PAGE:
From the Chaplain

We can never tell what good we do: like a pebble thrown into a pond, it ripples into eternity. So it is when we allow God to work in and through us. The recent visit of the relic of the arm of St Francis Xavier to John XXIII College turned us around with many incursions into our deeper unconscious selves. Francis Xavier's travelling spirit into the Far East reflected Ignatius spirituality, 'to find God in all things" Big hearted questions require big answers-answers that change our lives: we should think on the questions of life raises within us, and respond to them… "What I have done for Christ, what am I doing for Christ and what ought I do for Christ".

The back-story to the picture below is that one of the legends about Francis Xavier was that he was sailing toward Malacca one day when a storm came up and he dropped his cross into the sea trying to calm the storm with it. Having saved all on board, the next day he was walking along the beach and out of the sea comes the crab with his crucifix.

The command of Jesus that we must love God with all our heart, mind, soul, and strength and love your neighbour as yourself impelled not only Francis Xavier to distant shores but countless before and after him.

In sixteenth century Cornelius Jansen proclaimed ambivalent feelings and views of the human body. It was to be feared as an instrument of sin and he encouraged it to be tamed through prayer, mortification and penance, tragically this is still active in Christian thought today.

Jansenism is irreconcilable with today's Gospel where Jesus tells us that the love of God, the love of neighbour, and the love of self are the cornerstones of the Christian law. And the opposite must be true too. We cannot call ourselves Christian if we hate God, hate our neighbour or hate ourselves.

Some people argue that Western society has already gone too far in the direction of self-love. They maintain that the lengths some people go to achieve a sculptured body, the use of steroids, the growing frequency of eating disorders, the adoration of sports men and women, the cult of the gym and of the sex industry all point to a culture too much in love with the itself. Some argue what we need is a good dose of self-control. They are half right.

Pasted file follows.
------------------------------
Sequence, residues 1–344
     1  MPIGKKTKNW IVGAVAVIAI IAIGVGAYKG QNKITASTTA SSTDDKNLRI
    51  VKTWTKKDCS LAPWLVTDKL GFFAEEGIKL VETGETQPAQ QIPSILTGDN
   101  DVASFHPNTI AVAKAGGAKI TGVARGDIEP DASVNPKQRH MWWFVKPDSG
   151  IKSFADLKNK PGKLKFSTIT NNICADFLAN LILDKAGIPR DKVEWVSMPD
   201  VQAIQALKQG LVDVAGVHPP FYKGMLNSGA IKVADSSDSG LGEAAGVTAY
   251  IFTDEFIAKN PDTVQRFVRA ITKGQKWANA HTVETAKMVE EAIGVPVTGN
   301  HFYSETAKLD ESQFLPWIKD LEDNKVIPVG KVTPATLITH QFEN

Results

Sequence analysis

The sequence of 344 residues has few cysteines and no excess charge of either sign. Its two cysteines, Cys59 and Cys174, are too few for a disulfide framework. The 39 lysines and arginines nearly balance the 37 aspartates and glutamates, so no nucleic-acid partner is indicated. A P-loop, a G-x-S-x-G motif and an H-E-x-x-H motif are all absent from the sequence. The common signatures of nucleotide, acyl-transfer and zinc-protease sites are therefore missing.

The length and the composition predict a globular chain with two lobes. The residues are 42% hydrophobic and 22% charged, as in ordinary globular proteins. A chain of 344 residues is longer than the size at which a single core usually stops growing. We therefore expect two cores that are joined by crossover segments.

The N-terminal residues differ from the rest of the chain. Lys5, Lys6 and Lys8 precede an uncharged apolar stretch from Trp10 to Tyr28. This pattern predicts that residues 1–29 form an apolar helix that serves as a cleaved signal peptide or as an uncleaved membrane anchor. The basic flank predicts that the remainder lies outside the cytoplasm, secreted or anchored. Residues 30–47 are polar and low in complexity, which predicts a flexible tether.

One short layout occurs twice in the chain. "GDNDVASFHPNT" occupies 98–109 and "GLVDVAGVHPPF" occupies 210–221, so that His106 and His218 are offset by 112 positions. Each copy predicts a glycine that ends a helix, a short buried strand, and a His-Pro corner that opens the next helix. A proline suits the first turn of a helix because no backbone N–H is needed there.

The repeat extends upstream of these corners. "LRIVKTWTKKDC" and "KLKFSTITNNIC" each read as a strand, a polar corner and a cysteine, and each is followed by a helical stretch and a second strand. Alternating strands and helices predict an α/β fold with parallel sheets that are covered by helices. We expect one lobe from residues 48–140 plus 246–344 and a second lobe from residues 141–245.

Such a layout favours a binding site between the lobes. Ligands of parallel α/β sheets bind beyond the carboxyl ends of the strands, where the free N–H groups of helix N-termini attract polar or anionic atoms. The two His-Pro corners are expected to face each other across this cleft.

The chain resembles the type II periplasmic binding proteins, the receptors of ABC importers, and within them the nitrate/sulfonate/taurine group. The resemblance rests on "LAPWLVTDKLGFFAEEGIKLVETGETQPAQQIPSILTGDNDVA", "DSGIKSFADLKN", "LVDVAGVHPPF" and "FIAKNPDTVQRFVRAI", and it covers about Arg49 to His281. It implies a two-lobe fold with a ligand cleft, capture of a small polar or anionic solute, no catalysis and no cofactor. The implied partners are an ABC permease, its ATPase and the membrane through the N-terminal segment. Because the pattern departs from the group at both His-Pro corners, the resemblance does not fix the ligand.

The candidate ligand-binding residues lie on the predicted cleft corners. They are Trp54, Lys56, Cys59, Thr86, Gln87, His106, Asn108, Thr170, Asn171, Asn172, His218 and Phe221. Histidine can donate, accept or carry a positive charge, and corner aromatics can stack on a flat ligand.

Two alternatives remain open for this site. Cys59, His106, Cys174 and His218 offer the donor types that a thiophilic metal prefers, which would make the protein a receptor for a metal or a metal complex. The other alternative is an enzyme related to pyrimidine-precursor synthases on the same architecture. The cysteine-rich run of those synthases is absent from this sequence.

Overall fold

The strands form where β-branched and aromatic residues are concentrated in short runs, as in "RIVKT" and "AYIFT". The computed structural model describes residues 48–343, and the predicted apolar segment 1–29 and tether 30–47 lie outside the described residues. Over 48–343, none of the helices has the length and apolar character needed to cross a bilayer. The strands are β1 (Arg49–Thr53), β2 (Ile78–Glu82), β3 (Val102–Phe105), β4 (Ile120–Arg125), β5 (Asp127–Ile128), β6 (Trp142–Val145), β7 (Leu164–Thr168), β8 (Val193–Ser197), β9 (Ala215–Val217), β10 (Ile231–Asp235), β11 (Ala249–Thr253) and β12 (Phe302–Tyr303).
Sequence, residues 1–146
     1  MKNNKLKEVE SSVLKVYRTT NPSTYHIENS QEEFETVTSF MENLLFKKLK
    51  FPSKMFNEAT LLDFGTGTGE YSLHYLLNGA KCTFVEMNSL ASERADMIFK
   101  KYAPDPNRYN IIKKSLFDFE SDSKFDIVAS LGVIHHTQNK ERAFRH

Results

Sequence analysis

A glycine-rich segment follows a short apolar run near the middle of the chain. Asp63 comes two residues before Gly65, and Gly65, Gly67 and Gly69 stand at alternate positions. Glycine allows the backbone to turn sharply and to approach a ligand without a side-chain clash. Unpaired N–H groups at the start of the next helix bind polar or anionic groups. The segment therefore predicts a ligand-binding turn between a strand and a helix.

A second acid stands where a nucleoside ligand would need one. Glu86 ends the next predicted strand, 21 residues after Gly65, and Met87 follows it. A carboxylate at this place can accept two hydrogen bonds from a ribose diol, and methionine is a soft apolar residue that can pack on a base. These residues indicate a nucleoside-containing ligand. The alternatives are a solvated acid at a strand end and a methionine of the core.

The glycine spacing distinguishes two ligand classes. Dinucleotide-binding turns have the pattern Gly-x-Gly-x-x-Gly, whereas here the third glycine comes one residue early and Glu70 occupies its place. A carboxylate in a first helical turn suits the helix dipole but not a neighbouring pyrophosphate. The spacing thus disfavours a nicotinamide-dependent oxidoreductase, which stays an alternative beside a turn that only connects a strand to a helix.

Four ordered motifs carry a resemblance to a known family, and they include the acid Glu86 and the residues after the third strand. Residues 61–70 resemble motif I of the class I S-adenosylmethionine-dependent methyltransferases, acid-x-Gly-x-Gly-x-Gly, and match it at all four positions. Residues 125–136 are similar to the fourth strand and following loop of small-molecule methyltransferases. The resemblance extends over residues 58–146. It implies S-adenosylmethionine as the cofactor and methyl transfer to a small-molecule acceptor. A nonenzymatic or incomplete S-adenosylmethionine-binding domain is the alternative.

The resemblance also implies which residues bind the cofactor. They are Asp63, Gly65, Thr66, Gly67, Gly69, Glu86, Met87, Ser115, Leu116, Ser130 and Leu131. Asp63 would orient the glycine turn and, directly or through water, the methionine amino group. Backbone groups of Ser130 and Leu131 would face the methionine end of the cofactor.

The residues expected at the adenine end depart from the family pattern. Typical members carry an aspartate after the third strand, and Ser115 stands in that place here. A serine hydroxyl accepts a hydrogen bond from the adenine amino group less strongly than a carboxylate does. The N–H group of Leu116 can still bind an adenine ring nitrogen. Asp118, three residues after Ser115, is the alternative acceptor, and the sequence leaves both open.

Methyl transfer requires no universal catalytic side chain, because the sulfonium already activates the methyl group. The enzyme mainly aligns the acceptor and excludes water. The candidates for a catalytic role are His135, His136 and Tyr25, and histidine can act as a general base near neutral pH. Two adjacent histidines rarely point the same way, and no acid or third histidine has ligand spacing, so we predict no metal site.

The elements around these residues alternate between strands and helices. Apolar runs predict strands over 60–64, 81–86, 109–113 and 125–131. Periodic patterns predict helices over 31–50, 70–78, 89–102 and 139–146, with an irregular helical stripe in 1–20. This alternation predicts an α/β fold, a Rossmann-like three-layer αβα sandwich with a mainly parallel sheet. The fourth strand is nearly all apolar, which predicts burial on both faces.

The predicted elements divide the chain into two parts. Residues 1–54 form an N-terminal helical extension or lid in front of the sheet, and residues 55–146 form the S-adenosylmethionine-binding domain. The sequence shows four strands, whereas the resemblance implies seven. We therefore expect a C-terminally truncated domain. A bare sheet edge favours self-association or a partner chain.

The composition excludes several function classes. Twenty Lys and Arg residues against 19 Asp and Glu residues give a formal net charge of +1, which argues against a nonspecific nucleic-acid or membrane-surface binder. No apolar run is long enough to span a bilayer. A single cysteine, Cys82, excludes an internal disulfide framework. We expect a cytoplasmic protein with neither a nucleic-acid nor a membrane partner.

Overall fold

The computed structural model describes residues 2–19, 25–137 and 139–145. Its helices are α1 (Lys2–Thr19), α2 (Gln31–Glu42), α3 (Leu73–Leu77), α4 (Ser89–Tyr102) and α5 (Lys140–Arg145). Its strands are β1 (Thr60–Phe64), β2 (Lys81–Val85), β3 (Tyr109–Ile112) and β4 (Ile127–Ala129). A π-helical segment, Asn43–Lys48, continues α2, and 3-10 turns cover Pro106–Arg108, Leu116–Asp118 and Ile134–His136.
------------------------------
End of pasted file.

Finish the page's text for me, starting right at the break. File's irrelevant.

The problem with the term love of self is that we often hear in it an encouragement to adore self. Nothing could be further from what Jesus is saying. We are called to love our bodies, not worship them. Jesus is not calling us to a narcissistic love, like we see in the sex industry and the gym cults. If we have no sense of our own self-worth, our own dignity, and the personal love of God for each of us, it is impossible for us to give the same to others and to claim from others the dignity we deserve. We will either treat others as our inferiors, on the one hand, or allow others to walk all over us, on the other.

Love of self is not about canonizing a loss of self-control. Jesus shows us by the way he loved his Father, us, and himself that true love always involves sacrifice. If we love ourselves in the right way, we have the self-control to forgo those things that are most destructive in our life and we have the generosity to do for others the things that will enrich their lives. Jesus knew that we can never love others if we hate ourselves.

Let's look at our own enjoyable dinner parties and celebrations in our own lives, full of laughter and good cheer, everyone delighting in one another's company. There is a reason that one enduring image of heaven is as a banquet. At the Grandparents gathering, one did allude, "at my house we often laugh ourselves sick around the dinner table". Isn't this the point of dinner parties?

Fr Gaetan Pereira SJ
College Chaplain